Bailey Gent is one of those people where you wonder where they get the time in a day to do what they do.

A business administration and peace and justice studies major, Gent served as an intern for Academic Search as a part of  The Washington Center program, in Washington, D.C. There she worked for a higher education executive search firm to create diversity and inclusivity trainings for senior consultants.

She did so well they hired to run a mitigating bias workshop at their national conference. She also worked with women’s education and fair trade and ethical consumerism work through Yobel Market, was a property manager for a luxury wedding venue and did sustainability training in Alaska this summer for a nonprofit dealing with family homelessness. She is now the co-director of the Innovation Challenge through the Anderson College of Business, working on some local political campaigns and just returned from Toronto where she helped to facilitate a dialogue on understanding identity at the Parliament of World Religions.

“I am content, happy and still pursuing the many opportunities that Regis offers,” she said. “I’ve got to get all I can out of this last year, right?”

Gent sat down with Regis.edu to discuss her busy schedule and what makes Anderson College of Business so unique.

How has Regis’ business school shaped your studies?

What set the Regis business school apart for me was the focus on being stewards of society. I have found all that I hoped for in a people first, socially aware and experiential business education.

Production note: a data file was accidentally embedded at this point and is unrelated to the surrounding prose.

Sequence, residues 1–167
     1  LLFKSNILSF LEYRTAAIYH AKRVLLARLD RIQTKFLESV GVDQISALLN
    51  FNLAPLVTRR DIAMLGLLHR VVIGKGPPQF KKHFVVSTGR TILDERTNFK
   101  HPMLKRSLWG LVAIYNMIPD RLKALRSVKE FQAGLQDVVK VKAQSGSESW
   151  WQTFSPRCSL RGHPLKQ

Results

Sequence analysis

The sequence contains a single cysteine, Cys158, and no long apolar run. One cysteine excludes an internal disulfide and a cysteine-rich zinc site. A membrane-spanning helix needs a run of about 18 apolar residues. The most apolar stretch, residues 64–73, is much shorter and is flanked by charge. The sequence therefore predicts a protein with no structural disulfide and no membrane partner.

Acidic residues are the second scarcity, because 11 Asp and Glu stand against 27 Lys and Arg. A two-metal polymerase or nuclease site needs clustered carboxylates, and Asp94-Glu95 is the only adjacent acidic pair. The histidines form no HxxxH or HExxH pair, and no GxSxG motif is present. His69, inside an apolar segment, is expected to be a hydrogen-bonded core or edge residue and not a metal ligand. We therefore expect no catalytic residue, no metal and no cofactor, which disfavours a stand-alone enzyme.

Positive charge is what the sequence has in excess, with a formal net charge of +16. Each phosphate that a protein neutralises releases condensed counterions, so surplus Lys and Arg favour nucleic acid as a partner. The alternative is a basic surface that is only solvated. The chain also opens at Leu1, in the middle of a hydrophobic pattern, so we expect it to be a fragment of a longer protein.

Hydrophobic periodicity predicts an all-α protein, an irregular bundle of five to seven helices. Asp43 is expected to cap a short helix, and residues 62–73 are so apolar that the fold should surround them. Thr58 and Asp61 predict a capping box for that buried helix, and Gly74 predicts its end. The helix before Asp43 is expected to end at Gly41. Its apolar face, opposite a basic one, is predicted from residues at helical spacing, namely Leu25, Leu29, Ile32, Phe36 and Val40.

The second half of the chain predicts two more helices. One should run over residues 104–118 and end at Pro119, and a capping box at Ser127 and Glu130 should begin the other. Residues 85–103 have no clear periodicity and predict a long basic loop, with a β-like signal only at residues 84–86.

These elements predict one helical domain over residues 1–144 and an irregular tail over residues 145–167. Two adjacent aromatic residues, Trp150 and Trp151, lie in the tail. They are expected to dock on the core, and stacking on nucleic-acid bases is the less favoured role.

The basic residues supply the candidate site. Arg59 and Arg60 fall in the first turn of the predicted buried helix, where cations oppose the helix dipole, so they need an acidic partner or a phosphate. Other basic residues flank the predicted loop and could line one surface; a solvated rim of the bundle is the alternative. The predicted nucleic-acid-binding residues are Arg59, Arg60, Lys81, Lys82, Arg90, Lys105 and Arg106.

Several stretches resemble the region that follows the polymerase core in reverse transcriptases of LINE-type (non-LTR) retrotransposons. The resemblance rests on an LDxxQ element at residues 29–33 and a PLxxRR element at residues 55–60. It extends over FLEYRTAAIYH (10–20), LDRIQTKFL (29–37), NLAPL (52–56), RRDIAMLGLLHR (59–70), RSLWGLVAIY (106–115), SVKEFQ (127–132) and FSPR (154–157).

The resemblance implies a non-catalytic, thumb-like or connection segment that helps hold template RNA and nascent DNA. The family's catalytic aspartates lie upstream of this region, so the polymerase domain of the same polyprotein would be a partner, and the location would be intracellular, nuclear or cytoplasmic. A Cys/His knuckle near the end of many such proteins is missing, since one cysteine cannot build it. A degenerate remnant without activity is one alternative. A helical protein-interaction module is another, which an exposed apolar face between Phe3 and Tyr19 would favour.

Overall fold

What does stewardship mean to you?

I hope to leave the world better than I found it.  Stewardship in simple terms to me is realizing that we all have buy into the world around us and we ought to live in a way where we care for the world and others the way we would want others to care for us. A reinvention of the Golden Rule of sorts I suppose.

How is a Regis business degree different?

A Regis degree sets you apart as a person who is aware of the whole person or cura personalis as the Jesuits call it. A Regis business degree allows you space to be heard and to learn to listen to others. It gives you the space to lead and to follow. It gives you the space to be a changemaker in the best ways you know how.